- Winter Travel: Adult-rate BritRail and BritRail England passes are usually 20 percent cheaper if you’re traveling any time between November 1 and the end of February.
Do I need to make seat reservations on British trains?
For the most part, you can hop on most British trains with just your rail pass in hand. It can be smart, however, to reserve a seat for weekend travel, when trains tend to fill up. Seat reservations can be made for free at any staffed station in Britain.
On overnight trains, a bunk in a twin sleeper costs about $75. Overnight journeys begun on your BritRail pass’s final night can be completed the day after the pass expires (only BritRail allows this trick). Overnight reservations can be made at any train station or before you leave home (US tel. 866-274-8724).
If a rail pass doesn’t pencil out for your trip, you may be able to shave off the cost of your train tickets with some of these tips:
- Advance-purchase discounts can be a huge savings. For example, a London–Edinburgh one-way trip at the full (“Anytime”) fare is about $235, but advance tickets are usually around $60–75, with the lowest rate selling out first. Generally, the earlier you book, the better deal you’ll get. Advance discount tickets get snapped up particularly fast in summer. They can be booked from one day to eight weeks ahead, have limited seat availability, are non-refundable, and have exchange restrictions.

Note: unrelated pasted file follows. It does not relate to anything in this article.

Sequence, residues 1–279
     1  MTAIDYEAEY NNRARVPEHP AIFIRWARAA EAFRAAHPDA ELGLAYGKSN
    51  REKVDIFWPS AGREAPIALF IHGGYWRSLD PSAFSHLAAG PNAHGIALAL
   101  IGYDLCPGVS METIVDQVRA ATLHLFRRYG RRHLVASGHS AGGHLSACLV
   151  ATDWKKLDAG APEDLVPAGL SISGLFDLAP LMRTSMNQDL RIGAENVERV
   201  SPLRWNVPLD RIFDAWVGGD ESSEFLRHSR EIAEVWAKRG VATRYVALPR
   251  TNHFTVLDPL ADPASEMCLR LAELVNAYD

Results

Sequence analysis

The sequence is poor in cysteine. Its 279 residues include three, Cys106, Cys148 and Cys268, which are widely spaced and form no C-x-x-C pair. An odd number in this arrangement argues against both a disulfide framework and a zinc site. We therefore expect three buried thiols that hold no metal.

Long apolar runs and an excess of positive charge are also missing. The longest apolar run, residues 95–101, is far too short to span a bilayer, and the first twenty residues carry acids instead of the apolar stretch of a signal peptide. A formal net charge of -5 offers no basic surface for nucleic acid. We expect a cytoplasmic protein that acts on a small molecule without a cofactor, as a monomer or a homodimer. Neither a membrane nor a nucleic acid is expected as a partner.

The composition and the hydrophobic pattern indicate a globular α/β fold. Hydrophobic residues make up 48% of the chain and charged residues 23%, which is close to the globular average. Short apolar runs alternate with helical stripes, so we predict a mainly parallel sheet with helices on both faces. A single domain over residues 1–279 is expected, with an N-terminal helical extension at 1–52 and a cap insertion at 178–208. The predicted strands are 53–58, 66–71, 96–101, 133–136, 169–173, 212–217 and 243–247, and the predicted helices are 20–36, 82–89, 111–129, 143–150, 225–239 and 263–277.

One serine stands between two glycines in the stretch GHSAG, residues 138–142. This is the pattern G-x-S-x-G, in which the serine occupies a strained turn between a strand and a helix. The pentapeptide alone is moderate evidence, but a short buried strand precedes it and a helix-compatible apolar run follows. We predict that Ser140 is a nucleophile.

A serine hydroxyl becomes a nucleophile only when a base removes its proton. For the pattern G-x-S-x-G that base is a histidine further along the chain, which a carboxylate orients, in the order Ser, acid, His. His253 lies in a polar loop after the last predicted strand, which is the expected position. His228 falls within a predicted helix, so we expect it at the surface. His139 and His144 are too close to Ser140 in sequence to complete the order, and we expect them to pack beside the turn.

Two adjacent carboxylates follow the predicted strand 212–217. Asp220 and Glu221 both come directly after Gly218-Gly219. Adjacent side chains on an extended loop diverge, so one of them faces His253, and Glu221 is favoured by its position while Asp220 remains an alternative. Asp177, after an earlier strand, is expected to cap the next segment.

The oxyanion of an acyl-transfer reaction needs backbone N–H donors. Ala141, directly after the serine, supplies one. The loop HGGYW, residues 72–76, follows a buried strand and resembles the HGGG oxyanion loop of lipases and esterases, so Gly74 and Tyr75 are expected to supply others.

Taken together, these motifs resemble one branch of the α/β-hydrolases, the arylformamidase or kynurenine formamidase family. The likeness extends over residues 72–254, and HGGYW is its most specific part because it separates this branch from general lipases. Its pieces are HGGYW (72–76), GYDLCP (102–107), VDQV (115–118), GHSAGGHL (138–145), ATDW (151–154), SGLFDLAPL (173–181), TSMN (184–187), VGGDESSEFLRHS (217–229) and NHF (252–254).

- Off-peak discounts apply after 9:30 a.m., and round-trip off-peak tickets may cost the same as one-way tickets. For example, the off-peak fare for a one-way London–Edinburgh trip is $180, while the full (“Anytime”) fare is about $235.
- Check the National Rail site for all ticket prices, rules, and to buy online, or call 011-44-8457-484-950 for 24-hour information (they’ll give you another number to purchase tickets). For credit card approval online, it may help to enter a British hotel address or postal code (not for delivery). Pick up reserved tickets at any staffed train station.